“Nothing so hinders us in what we are doing
as to be longing after something else;
in so doing, we leave off tilling our own field,
to drive the ploughing through our neighbor’s land,
where we must not look to reap a harvest;
and this is mere waste of time.
If our thoughts and hopes are elsewhere,
it is impossible for us to set our faces
steadily towards the work required of us.”
St. Francis de Sales

Unforgiveness. We live in an imperfect world with people who are not perfect. If I insist for too long on holding onto the baggage of unforgiveness, walking through life offended, I’ve missed the point. Remember the wisdom of Proverbs 19:11, “A person’s wisdom yields patience; it is to one’s glory to overlook an offense” (NIV). “The discretion of a man makes him slow to anger, and his glory is to overlook a transgression” (NKJV). I would definitely like to be known as a woman who walks in wisdom and with grace.

Perfectionism. Ever since Baby #1 came along, I’ve likened myself to that of a “recovering perfectionist.” It just serves as a reminder that I am a work in progress, and I’d rather my days are “peopled” with happy memories than consumed with perfection, making sure my house is “just so” or being stressed because of unfinished chores. Perfection steals from being present with people. This concept has carried over into my writing. It seems I’ve always been writing; I can distinctly remember my first journal given to me by my mom for Christmas, and it’s in my journal collection in an old, vintage suitcase. As I’ve taken the plunge to share my writing, I’ve had to acknowledge the areas where perfectionism creeps in, coercing me to rewrite something until it is “just right.” Same lie. It has to be “just so” or “just right.” In his message “Worship in All Seasons,” Bill Johnson exhorts us that “If we were willing to be less perfect, we’d become more perfect. Perfection is religion; excellence is kingdom. Don’t do things to market it…In the moment the breath of God is on that phrase.” He encourages his concerning small beginnings, that when we “give honor to things in their infant stages, we will see more things grow to maturity, [just like Zechariah 4:10] says, not to despise the day of small beginnings, for the Lord rejoices to see a work begin.” If we waited to move for the day we arrived at Perfection, we would not accomplish anything, like the man who buried his talent. Allow the Holy Spirit to move in the midst of your imperfect frame.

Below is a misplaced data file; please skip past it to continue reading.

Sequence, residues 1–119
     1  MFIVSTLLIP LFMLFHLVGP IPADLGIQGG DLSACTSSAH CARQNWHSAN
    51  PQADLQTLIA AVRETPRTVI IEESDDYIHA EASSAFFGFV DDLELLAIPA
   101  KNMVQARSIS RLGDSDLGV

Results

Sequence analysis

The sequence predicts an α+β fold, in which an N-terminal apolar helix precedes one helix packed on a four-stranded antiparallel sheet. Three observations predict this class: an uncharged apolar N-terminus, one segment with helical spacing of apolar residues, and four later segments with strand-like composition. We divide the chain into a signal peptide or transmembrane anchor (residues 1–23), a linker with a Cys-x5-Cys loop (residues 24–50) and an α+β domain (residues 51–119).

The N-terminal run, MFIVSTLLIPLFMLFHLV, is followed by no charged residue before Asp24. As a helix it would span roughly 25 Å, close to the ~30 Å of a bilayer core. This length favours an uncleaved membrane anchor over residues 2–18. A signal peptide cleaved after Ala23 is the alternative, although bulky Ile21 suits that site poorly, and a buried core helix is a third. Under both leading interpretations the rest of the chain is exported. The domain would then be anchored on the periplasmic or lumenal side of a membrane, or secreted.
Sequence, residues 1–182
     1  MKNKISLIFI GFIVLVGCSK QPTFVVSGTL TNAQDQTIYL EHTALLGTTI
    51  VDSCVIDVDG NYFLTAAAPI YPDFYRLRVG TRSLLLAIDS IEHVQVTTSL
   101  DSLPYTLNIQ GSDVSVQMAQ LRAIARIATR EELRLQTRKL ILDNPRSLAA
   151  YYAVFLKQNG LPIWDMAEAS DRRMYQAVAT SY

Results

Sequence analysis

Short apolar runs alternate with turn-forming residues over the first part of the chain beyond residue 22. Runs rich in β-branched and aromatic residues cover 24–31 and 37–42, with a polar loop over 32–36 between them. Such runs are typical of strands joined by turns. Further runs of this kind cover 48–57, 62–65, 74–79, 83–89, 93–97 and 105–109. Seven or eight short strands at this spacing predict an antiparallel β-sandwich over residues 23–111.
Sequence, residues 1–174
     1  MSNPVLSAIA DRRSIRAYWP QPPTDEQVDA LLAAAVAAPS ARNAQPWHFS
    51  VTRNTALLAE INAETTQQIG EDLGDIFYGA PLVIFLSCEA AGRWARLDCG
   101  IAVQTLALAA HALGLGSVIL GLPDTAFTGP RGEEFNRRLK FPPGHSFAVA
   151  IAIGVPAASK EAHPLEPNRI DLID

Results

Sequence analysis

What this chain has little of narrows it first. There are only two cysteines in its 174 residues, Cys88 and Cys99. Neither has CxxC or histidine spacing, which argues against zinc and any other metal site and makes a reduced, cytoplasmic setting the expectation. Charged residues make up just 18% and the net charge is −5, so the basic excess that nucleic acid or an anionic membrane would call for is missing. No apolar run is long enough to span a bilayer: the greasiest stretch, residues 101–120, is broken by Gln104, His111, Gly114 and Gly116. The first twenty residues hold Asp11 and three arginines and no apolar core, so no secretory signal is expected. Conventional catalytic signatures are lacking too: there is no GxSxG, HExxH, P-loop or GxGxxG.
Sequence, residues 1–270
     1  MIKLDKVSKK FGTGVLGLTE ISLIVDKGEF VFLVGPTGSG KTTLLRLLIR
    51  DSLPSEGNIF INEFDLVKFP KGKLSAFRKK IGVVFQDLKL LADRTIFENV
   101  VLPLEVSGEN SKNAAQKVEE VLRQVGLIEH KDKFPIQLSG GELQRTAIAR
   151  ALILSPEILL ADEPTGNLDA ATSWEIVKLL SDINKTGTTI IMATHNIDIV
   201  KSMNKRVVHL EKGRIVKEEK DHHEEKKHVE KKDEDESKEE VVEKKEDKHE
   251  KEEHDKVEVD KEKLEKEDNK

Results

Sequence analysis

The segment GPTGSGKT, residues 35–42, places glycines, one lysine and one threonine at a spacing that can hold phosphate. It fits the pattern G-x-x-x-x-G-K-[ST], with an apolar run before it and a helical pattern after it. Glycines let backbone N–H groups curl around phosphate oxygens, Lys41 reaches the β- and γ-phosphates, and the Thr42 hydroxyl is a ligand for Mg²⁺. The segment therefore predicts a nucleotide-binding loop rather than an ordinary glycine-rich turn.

Just as God leads me I would go ;
I would not ask to choose my way;
Content with what He will bestow,
Assured He will not let me stray.
So as He leads, my path I make,
And step by step I gladly take,
A child in Him confiding.
Lampertus Gedicke

Forgive us, Lord, our little faith;
And help us all, from morn ‘til e’en,
Still to believe that lot the best
Which is, —not that which might have been.
George Zabriskie Gray

I am here, Here in this place,
Where You’ve brought me to up ‘til now.

There, in this picture, I am so happy,
Surrounded by smiling faces of children overseas.
Why can’t I be there now, and escape all this present unease?
What if I had gone back to serve those less fortunate than me?
What if I had given my all, believing your call was on my life?

But I am here, Here in this place,
Where You’ve brought me to up ‘til now.

There—in the corner of my memory—
I can see it now, where I served the Lord.
I heard Him clear as day telling me what to do
And I gave everything to follow through.

But I am here, Here in this place,
Where You’ve brought me to up ‘til now.

Over there—my friend is over there
Look what they’re doing for the Lord.
I’d like to follow their story, but I have my own to tell
Of what God’s done for me through it all.

Because I am here, I’m not over there any more
Surrounded by more smiling faces who He’s given me to serve
To be the hands and feet of Jesus
Here—not there—It’s where I am on my journey
Up ‘til now.